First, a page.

Yalantis has released several apps with audio recording functionality. Halaa – the Instagram for voice and video is the latest example of our work with audio technologies. Every time we want to add some cool visualisation for music, however, we have to deal with a lot of issues.
First, there are no simple and convenient Android libraries for analyzing audio files. Admittedly, there are some pretty good sound processing libraries available such as TarsosDSP, Sound Powered, ffmpeg and others. But they are all huge and complicated to work with, especially for those who don't have any experience with sound theory.
Second, to produce smooth animations, audio should be analysed and rendered rather quickly. While there are open source solutions that enable fast rendering, these solutions tend to address only a few aspects of sound animation, not all of them.
During our research at Yalantis we came across three solutions that caught our eye. Even though these solutions didn’t give us exactly the analysis and visualization capabilities we were looking for, they showed us examples of what we could improve upon.
Why these 3 libraries don’t provide an adequate solution for sound visualisation
Offering cute animations, WaveInApp generates smooth waves to visualize sound. This solution is implemented with OpenGL, so there are no issues with performance. But the downside of this library is that it’s based on the native Android Visualiser. This means you cannot connect the animations to live microphone input. In other words, there is no way you can make use of this library during audio recording.
The AudioVisualizer is another music visualiser, a library that provides a large variety of visual effects, but has the same disadvantages as CRAudioVisualizationView. Additionally, all of its effects are a bit old-school and give you the unpleasant feeling that you’re using Windows Media Player.
At last someone who provides their own sound analysis! But on the other hand, visualization capabilities offered by this library are pretty basic, showing only the sound spectrum. This library almost looks as if it were published as a tutorial for those wanting to work with FFT.
Horizon: a Library That Visualizes Sound Quickly and Beautifully
We decided to create our own audio visualiseras the base for our audio projects. We wanted a solution that will work as Android music visualizer. Horizon proves that Android can actually be great with audio, despite prevailing opinions. There is a lack of Android libraries for sound visualization, and we decided to fix t with our solution.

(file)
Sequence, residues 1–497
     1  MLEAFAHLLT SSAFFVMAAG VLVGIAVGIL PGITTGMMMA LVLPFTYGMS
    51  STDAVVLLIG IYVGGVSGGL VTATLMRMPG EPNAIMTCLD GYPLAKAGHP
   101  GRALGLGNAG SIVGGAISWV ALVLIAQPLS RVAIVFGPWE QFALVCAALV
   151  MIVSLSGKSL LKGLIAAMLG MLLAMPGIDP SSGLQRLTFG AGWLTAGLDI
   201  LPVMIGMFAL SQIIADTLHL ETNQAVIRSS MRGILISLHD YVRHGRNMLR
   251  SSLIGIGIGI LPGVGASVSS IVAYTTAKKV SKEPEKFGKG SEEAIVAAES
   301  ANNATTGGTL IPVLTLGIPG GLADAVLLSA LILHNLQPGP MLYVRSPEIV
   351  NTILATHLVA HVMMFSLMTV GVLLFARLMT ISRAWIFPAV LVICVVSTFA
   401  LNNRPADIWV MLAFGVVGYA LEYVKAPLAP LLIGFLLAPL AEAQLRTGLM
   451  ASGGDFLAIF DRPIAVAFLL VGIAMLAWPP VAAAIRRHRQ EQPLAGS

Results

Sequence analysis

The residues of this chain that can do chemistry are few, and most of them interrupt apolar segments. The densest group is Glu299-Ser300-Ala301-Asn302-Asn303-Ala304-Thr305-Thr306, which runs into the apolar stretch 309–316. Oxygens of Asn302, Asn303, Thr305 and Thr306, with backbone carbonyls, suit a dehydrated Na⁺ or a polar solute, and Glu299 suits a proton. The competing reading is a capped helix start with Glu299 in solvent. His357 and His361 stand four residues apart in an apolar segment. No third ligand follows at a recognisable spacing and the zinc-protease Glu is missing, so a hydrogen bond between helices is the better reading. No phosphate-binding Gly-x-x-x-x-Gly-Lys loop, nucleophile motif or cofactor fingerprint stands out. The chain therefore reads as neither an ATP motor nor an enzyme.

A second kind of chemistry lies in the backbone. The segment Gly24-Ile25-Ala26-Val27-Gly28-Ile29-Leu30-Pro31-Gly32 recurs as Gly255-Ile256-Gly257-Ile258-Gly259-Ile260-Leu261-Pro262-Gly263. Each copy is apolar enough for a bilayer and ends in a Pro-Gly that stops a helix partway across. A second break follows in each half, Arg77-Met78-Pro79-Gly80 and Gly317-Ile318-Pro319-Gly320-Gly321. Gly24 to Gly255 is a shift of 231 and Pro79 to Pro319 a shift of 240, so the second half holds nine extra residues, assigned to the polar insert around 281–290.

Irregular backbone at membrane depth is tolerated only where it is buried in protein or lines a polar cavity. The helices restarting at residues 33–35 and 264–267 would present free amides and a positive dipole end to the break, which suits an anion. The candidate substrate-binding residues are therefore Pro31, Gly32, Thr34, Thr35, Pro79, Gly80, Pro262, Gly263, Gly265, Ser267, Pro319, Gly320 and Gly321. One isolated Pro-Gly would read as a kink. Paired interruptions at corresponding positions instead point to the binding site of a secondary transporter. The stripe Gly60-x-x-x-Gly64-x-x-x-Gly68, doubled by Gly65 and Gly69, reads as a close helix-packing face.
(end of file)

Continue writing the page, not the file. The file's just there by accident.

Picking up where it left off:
We had two main goals for our Horizon library:
1) excellent performance
2) excellent graphics.
There aren’t many ways to significantly improve performance for an Android app. The first issue we had to tackle was calculation. The audio spectrrum is essential for music track visualization. To analyze the audio spectrum and apply it to the view you need to do a lot of math, and you need to do it fast.
We implemented most of our sound analysis in C++. This language reduces the time required to fetch the spectrum of sounds. While most of our analysis code was written in C++, we still did minor calculations in Java to make our component easy to customize.
The design of Horizon reminds us of a beautiful sunset over the sea. This is the reason we called our library Horizon (and also because we like the band Bring Me the Horizon). You can check out Horizon on Dribbble and Github.
Colors and shapes in our component had to be juicy and bright. That’s why we needed to implement proper blending. Also, we had to draw all curves as fast as possible. We implemented drawing using OpenGL to create a smooth user experience.
Horizon is a cute component that shows proportions of sound frequency for a specific chunk of audio data.
You can see Horizon in action on this video:
We want to thank Zagreb and Igor Muzyka, our iOS developer who are part of Zagreb music band for letting us play some chords with Horizon.
How can you add Horizon to your project?
To add Horizon to your project you need to follow these three easy steps:
1) Include the library as a local library project:
2) Initialize the Horizon object with params referring to your sound:
mHorizon = new Horizon(glSurfaceView, getResources().getColor(R.color.background), RECORDER_SAMPLE_RATE, RECORDER_CHANNELS, RECORDER_ENCODING_BIT);
3) To update view, call the updateView method with a chunk of sound data to be proceeded:
byte buffer = new byte[bufferSize]; //here we send some sound data to the buffer mHorizon.updateView(buffer);
Enjoy the Horizon!
Check out the Horizon sound visualizer on: